Summary

Most moral impact estimates and cost-effectiveness analyses in the effective altruism community use (differences in) expected total welfare. However, doing so generally is probably irrational, based on arguments related to St Petersburg game-like prospects. These are prospects that are strictly better than each of their infinitely many possible but finite actual value outcomes, with unbounded but finite value across these outcomes. The arguments I consider here are:

  1. Based on a money pump argument, the kind used to defend the axioms of expected utility theory, maximizing the expected value of an unbounded utility function is irrational. As a special case, expectational total utilitarianism, i.e. maximizing the expected value of total welfare, is also irrational.
  2. Two recent impossibility theorems demonstrate the incompatibility of Stochastic Dominance — a widely accepted requirement for instrumental rationality — with Impartiality and each of Anteriority and Separability. These last three principles are extensions of standard assumptions used in theorems to prove utilitarianism, e.g. Anteriority in Harsanyi's theorem.

Taken together, utilitarianism is either irrational or the kinds of arguments used to support it in fact undermine it instead when generalized. However, this doesn't give us any positive arguments for any other specific views.

I conclude with a discussion of responses.

EDIT: I've rewritten the summary and the title, and made various other edits for clarity and to better motivate. The original title of this post was "Utilitarianism is irrational or self-undermining".

 

Basic terminology

By utilitarianism, I include basically all views that are impartial and additive in deterministic fixed finite population cases. Some such views may not be vulnerable to all of the objections here, but they apply to most such views I’ve come across, including total utilitarianism. These problems also apply to non-consequentialists using utilitarian axiologies.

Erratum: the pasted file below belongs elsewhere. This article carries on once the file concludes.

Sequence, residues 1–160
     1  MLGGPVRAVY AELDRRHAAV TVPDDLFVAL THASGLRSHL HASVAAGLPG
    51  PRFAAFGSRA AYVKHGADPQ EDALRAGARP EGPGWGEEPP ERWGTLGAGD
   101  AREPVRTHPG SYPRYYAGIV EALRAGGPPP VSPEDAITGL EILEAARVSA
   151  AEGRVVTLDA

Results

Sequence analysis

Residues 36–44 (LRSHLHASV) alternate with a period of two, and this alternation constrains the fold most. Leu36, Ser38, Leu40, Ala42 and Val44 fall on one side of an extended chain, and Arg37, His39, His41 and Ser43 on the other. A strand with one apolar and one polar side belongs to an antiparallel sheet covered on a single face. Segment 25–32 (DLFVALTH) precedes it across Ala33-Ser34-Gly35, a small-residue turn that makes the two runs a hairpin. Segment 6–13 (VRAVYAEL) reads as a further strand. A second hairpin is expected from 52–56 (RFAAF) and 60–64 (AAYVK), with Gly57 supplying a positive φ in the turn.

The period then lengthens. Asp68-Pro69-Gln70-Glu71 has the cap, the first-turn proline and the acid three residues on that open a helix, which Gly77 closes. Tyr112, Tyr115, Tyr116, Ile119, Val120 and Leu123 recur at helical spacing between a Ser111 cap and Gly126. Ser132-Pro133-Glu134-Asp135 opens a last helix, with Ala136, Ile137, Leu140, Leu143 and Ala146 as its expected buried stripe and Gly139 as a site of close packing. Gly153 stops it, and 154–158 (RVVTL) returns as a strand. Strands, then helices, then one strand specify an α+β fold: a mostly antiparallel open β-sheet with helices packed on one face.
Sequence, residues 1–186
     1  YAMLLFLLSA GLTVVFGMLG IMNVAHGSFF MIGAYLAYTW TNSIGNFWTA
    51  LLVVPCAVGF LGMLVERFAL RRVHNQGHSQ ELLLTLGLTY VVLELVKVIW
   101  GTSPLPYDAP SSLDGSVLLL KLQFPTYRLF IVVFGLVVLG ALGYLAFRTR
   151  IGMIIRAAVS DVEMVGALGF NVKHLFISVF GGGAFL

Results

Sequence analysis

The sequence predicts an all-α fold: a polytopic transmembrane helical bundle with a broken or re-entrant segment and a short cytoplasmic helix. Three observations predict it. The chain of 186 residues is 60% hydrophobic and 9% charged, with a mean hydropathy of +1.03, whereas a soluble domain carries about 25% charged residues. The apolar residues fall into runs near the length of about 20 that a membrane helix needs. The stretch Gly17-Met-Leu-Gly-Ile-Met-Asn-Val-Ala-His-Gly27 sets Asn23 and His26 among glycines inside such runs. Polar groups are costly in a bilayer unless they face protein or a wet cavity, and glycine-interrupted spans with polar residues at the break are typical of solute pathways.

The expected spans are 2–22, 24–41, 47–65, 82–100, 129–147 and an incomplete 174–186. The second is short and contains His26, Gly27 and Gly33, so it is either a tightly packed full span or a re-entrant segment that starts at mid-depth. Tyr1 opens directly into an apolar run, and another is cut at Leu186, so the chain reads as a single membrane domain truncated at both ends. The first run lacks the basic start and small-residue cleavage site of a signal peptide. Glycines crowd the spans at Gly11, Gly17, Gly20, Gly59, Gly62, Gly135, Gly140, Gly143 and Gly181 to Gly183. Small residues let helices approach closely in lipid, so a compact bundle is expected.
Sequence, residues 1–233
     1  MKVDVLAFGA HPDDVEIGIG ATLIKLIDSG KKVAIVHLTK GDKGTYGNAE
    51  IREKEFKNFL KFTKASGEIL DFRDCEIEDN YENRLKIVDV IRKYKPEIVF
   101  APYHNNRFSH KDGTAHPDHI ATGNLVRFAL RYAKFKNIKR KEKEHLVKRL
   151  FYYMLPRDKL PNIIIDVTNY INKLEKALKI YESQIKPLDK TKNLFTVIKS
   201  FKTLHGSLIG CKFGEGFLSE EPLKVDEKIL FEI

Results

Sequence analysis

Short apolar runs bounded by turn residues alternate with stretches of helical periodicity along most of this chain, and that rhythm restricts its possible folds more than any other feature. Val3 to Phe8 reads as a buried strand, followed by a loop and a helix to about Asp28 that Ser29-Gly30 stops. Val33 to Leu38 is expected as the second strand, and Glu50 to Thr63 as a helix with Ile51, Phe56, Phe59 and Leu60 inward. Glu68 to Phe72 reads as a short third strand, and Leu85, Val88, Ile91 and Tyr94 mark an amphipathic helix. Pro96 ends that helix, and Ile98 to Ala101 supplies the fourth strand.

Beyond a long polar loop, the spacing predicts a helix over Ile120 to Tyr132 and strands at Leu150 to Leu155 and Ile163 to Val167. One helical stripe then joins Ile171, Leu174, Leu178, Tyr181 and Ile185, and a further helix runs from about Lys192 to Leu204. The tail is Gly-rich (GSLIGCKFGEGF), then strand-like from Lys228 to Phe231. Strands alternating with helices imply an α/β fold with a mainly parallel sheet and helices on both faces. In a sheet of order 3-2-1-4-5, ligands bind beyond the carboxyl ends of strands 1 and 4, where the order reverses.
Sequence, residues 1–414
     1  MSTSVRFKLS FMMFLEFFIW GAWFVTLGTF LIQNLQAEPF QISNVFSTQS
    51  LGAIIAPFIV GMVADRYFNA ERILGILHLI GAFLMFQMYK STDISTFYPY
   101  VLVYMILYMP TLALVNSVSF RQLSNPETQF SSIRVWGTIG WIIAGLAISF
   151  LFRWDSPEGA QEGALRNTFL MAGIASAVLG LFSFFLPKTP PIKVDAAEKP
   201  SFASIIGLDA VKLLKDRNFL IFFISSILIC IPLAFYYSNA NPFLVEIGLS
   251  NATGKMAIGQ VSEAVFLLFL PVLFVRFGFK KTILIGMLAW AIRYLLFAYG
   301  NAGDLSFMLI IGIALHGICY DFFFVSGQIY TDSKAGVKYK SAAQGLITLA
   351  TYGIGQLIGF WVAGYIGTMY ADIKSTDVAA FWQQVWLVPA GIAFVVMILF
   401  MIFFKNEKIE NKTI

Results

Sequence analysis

To avoid confusion, I prefer the term welfare as what your moral/social/impersonal preferences and therefore what your utility function should take into account.[1] In other words, your utility function can be a function of individuals’ welfare levels.

A prospect is a probability distribution over outcomes, e.g. over heads or tails from a coin toss, over possible futures, etc..

 

Motivation and outline

Many people in the effective altruism and rationality communities seem to be expectational total utilitarians or give substantial weight to expectational total utilitarianism. They take their utility function to just be total welfare across space and time, and so aim to maximize the expected value of total welfare (total individual utility), . Whether or not committed to expectational total utilitarianism, many in these communities also argue based on explicit estimates of differences in expected total welfare. Almost all impact and cost-effectiveness estimation in the communities is also done this way. These arguments and estimation procedures agree with and use expected total welfare, but if there are problems with expectational total utilitarianism in general, then there’s a problem with the argument form and we should worry about specific judgements using it.

And‌ there are problems.

Total welfare, and differences in total welfare between prospects, may be unbounded, even if it were definitely finite. We shouldn't be 100% certain of any specified upper bound on how long our actions will affect value in the future, or even for how long a moral patient can exist and aggregate welfare over their existence. By this, I mean that you can't propose some finite number  such that your impact must, with 100% probability, be at most  doesn't have to be a tight upper bound. Here are some arguments for this: